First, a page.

“Thumbs down! Pristine clean at the expense of your sense of comfort. The host, Robert made this an unpleasant stay for me with his discourteous attitude, conflicting listing information (which hes has now fixed) and convoluted check in procedures. It’s such a shame because the home is nicely kept and in a great location. But I think hes makes the guests feel unwelcome and that why bet that is why he has a lot of vacancies. (In face he states verbatim “we prefer guests who are out and about during the day”- I find that a bit uninviting. When booking the room, the check-in and check-out time was clearly listed as “flexible” so I was hoping to leave around noon. However only after booking did it become apparent that the checkout time not flexible, it’s also early at 10 am. (Even hotels have an 11am as the industry standard). I find this discrepancy to be very misleading. I had booked within 48 hours and cancellation is strict. When I mentioned my concerns to Robert, he did not receive them gracefully instead he became defensive telling me that I should have checked the “house rules” and that people looking to leave later than 10 am book another night. All of which is ridiculous and sketchy. Mind you its not directly written under the “House Rules” tab on the app, you have to select a “read more” link and still scroll through a densely compacted paragraph of more rules until the very last line to find the strict 3pm checkin-10 am checkout policy . Which Robert undermines partly anyway because he does in fact allow late check in. Airbnb hosts organize their listings differently, but important information like the check-in and out times is fix formatted at the top of the listing page of the app. To knowingly negate what was clearly presented as “Flexible” elsewhere (and under “House Rules” in the last sentence ) is completely unfair and disingenuous in my mind. Second Issue: I personally found the entry directions to be difficult to find, overly compact, and confusing. First off the host did not send the access information to me until just as I was arriving which is relatively late in my opinion. The message he sends goes consists of a dense outline of the room and bathroom accommodations and house rules and regulations before getting to the very necessary information about how to gain entry to the house. So, I found myself standing outside the main entrance having to scroll through rules regarding the shoes, food, noise, etc before getting to essential information. Also some of the directions read like a scavenger hunt for example he writes that my parking spot number is my rooms number, which is listed on my itinerary-This is not exactly direct or clear nor exactly accurate. Any way I scroll to the last section titled “WHAT ARE THE HOUSE RULES” (Which is not where you’d typically find the door code)And its not until I get to the last paragraph that I find the password I need to text in order to activate the code. But I couldn’t find the code- I had accidentally scrolled passed it so when I asked Robert over the phone I for entry code rather than tell me directly he defers me to the paragraph its written on. To have to parse through all the rules and run through a bunch a steps to gain entry is extremely tedious and taxing. In my experience hosts try to make necessary entry information, direct, concise and accessible for their guests. They want to arrival to go as a smoothly as possible. It seems Robert wants to ensure you’ve read rules before gaining entry which I find to be an imposition. (And Ironic because you can book easily enough) I am a lone traveler staying for one night my intentions are to do nothing more that sleep shower and surf the internet. Ultimately, I can be held liable for any rule violation regardless of whether I’ve read them and that is fair. Its shouldn’t be his prerogative to make sure I’m familiar with all the rules and certainly not at the expense of gaining smooth entry. Robert is extremely rule oriented and I find it ironic because he makes great exception for himself. I hope Robert learns from this and becomes a better host. I am open to giving him a second chance. Hes a certainly forced me to be more wary”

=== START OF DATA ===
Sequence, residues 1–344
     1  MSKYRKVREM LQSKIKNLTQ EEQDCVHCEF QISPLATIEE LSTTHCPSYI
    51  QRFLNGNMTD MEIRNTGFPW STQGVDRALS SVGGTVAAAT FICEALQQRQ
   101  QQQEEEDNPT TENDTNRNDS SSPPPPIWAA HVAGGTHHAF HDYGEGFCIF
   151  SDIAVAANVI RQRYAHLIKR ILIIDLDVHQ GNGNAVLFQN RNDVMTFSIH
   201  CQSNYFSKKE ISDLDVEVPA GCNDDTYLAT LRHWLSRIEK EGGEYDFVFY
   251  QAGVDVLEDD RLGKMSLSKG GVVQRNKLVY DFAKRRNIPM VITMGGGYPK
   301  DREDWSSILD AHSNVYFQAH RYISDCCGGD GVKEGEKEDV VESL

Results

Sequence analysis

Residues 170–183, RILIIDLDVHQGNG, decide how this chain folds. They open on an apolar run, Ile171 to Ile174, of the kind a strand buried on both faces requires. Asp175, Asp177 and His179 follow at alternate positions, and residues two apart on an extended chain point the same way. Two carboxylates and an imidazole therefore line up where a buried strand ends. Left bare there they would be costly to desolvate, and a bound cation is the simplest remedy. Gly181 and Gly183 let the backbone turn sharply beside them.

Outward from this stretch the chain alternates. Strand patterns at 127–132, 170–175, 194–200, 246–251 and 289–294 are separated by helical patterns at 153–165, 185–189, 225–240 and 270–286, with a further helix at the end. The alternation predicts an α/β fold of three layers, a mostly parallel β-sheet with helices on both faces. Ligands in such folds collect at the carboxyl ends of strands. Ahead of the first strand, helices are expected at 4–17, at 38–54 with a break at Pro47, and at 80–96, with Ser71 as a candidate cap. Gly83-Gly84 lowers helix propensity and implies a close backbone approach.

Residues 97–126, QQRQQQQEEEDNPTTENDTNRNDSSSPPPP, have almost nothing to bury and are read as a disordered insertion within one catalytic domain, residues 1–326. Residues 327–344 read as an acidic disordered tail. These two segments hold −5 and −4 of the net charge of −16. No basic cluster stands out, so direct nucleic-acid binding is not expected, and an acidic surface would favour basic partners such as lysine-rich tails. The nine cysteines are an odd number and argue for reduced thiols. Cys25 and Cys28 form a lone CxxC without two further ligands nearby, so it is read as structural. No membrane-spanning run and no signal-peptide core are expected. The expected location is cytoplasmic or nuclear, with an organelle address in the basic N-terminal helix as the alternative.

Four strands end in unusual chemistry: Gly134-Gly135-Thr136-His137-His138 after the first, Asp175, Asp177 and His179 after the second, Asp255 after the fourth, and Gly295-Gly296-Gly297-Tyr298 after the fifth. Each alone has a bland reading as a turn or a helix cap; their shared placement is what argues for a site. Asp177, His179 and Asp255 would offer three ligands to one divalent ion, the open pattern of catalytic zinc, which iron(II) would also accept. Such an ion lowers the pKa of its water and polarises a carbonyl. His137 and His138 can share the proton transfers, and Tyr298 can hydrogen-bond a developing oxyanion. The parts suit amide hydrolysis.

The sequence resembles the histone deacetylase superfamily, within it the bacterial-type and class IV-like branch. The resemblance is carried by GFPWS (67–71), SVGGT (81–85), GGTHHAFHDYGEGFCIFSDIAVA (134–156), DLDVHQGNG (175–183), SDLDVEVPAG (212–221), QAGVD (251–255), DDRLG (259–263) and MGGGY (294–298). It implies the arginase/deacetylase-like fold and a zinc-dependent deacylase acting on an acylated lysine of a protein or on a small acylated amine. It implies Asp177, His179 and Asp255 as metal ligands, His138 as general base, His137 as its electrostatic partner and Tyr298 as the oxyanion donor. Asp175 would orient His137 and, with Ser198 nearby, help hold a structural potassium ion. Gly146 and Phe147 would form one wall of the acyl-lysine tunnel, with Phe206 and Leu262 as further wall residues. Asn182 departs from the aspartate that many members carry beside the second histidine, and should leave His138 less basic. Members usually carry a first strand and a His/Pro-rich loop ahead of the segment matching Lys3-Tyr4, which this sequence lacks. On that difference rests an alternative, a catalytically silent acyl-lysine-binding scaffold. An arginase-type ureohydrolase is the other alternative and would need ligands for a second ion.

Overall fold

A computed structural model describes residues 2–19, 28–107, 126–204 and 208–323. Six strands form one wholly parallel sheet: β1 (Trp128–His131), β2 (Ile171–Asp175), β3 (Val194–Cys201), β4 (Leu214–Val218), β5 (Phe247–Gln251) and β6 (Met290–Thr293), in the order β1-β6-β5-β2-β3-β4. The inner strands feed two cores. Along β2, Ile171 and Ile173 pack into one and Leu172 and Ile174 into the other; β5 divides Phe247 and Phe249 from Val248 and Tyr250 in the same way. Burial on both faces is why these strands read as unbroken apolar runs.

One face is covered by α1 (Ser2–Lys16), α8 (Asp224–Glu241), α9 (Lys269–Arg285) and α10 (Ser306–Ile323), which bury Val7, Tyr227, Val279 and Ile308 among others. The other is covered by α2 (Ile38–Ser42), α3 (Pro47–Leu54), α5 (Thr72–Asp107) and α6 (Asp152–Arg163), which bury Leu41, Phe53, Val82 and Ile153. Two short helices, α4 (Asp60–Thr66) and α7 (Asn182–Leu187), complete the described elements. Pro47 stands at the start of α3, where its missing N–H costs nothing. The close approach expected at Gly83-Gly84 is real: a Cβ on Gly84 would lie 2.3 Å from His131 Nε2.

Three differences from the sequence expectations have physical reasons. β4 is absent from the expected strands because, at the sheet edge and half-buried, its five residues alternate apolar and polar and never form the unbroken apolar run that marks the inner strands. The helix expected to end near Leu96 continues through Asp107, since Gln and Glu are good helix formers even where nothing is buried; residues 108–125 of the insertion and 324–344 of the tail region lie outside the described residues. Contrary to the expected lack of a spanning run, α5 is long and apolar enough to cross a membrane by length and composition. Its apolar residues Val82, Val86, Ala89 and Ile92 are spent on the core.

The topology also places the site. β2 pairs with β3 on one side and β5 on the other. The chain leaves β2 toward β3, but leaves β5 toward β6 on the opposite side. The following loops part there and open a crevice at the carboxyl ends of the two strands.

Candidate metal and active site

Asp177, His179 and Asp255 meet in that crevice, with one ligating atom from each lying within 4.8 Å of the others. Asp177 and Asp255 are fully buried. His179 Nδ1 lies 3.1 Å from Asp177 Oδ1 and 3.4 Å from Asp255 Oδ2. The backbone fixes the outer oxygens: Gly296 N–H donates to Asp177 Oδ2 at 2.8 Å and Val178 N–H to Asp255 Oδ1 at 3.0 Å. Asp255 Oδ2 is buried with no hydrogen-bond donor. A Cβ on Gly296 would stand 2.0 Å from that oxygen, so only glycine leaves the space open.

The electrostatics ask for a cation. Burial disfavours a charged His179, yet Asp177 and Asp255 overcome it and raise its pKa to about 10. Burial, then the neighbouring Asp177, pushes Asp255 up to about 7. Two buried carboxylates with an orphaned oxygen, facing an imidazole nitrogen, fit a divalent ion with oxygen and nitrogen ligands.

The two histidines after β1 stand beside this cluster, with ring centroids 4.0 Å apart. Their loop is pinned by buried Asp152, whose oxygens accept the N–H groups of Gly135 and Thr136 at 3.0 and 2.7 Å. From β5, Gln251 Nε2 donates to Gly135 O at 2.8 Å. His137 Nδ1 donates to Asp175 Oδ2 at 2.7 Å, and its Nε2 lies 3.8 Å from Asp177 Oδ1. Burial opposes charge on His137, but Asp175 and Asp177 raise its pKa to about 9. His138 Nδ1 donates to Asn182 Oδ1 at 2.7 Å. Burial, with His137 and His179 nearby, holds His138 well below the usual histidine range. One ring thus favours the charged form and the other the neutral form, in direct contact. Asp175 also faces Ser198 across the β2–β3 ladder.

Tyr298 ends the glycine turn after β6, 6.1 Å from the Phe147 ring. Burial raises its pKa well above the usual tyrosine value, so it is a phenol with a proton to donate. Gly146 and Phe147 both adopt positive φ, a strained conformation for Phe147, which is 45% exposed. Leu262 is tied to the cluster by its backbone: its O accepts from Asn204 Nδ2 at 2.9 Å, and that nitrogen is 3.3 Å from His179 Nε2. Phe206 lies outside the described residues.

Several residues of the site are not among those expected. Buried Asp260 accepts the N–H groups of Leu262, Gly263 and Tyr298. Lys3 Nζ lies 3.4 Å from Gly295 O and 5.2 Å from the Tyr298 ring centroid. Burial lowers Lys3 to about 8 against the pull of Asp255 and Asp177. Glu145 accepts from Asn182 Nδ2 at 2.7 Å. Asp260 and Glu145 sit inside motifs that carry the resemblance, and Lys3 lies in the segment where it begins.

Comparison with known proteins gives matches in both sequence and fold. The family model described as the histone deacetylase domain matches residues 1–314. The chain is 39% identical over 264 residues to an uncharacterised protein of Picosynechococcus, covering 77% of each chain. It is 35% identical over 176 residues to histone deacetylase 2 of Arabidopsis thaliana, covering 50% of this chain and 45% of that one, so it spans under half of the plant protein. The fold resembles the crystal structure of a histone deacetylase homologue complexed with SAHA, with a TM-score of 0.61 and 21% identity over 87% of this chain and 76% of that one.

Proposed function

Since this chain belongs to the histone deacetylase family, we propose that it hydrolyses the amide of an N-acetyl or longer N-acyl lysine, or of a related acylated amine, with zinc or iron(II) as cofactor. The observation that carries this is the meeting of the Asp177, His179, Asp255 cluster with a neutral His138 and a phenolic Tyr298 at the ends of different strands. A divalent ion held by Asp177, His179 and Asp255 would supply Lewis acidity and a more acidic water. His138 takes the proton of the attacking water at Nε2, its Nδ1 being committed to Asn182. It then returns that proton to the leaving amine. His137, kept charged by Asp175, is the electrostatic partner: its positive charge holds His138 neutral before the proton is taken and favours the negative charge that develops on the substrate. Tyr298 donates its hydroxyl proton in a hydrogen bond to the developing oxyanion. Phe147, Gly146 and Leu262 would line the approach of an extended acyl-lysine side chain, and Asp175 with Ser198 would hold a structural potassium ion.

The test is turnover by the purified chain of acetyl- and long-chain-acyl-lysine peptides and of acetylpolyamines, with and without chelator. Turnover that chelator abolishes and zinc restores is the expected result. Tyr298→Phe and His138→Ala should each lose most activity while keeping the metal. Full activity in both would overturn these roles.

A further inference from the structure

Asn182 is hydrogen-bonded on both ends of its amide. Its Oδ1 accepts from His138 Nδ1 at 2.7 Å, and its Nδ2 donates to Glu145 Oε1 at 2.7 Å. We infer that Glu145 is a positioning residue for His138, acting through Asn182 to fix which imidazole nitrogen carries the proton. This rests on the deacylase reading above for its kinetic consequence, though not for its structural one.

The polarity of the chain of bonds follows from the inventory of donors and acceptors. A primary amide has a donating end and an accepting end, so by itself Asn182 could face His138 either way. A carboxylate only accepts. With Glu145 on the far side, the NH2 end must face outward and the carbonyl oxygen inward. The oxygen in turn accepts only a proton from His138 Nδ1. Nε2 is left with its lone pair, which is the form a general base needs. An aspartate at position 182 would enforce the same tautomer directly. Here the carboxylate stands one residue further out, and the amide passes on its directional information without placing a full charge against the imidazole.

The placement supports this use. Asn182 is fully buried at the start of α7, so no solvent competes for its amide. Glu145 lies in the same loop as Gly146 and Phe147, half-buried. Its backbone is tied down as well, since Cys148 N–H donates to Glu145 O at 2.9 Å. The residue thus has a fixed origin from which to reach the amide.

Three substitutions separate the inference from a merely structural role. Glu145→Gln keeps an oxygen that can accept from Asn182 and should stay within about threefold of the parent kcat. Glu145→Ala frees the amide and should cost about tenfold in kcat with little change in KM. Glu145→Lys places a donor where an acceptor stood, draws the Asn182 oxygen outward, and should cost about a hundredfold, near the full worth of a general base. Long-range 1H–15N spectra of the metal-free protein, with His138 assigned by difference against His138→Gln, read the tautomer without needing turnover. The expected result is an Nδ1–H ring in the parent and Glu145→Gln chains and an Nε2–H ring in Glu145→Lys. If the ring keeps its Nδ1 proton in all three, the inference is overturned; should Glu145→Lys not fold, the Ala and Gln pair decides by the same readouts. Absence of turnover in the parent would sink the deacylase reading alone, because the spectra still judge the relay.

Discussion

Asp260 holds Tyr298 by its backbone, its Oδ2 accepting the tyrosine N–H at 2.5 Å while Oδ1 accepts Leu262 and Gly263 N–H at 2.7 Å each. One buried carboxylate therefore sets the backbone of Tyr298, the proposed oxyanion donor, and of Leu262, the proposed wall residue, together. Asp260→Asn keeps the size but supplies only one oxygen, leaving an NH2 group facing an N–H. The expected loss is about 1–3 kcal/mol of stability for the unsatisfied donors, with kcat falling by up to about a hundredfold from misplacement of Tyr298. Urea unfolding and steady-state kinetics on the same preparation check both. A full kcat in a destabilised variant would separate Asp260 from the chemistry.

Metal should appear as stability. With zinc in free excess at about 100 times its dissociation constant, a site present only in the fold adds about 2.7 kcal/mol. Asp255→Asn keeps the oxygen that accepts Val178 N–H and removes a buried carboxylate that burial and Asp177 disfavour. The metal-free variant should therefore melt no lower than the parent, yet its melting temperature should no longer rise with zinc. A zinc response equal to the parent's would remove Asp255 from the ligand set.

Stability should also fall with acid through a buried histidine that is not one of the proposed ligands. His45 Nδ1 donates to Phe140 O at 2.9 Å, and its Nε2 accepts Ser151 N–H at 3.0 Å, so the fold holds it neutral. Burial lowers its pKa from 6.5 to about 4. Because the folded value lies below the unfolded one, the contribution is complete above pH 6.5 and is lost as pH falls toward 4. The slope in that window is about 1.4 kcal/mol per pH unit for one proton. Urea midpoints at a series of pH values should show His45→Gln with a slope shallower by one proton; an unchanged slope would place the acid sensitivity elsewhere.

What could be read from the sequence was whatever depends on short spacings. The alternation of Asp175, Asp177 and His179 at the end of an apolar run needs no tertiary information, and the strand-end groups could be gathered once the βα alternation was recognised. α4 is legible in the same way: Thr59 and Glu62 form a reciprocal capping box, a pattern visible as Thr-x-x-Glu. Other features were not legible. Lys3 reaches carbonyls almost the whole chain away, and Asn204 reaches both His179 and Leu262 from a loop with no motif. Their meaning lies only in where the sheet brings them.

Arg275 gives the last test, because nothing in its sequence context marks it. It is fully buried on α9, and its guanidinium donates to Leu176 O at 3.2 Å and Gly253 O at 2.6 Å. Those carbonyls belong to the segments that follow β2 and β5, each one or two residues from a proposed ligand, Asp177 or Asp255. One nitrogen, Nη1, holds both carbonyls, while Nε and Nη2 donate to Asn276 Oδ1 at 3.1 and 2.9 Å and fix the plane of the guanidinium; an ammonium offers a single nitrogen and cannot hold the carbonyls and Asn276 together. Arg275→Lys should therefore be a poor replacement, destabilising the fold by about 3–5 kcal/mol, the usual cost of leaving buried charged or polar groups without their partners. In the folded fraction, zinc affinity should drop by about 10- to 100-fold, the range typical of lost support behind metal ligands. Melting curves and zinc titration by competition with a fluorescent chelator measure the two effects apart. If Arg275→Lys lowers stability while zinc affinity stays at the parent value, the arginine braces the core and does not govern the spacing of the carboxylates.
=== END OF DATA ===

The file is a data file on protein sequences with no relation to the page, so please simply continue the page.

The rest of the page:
I don’t see anything that’s against TOS, though. I think both you and CS can see that her itinerary (which I believe captures rules and check-in out settings at the time of reservation) shows she’s misinformed, but they rarely remove a review for that reason. “You know that’s, like, her experience, man…”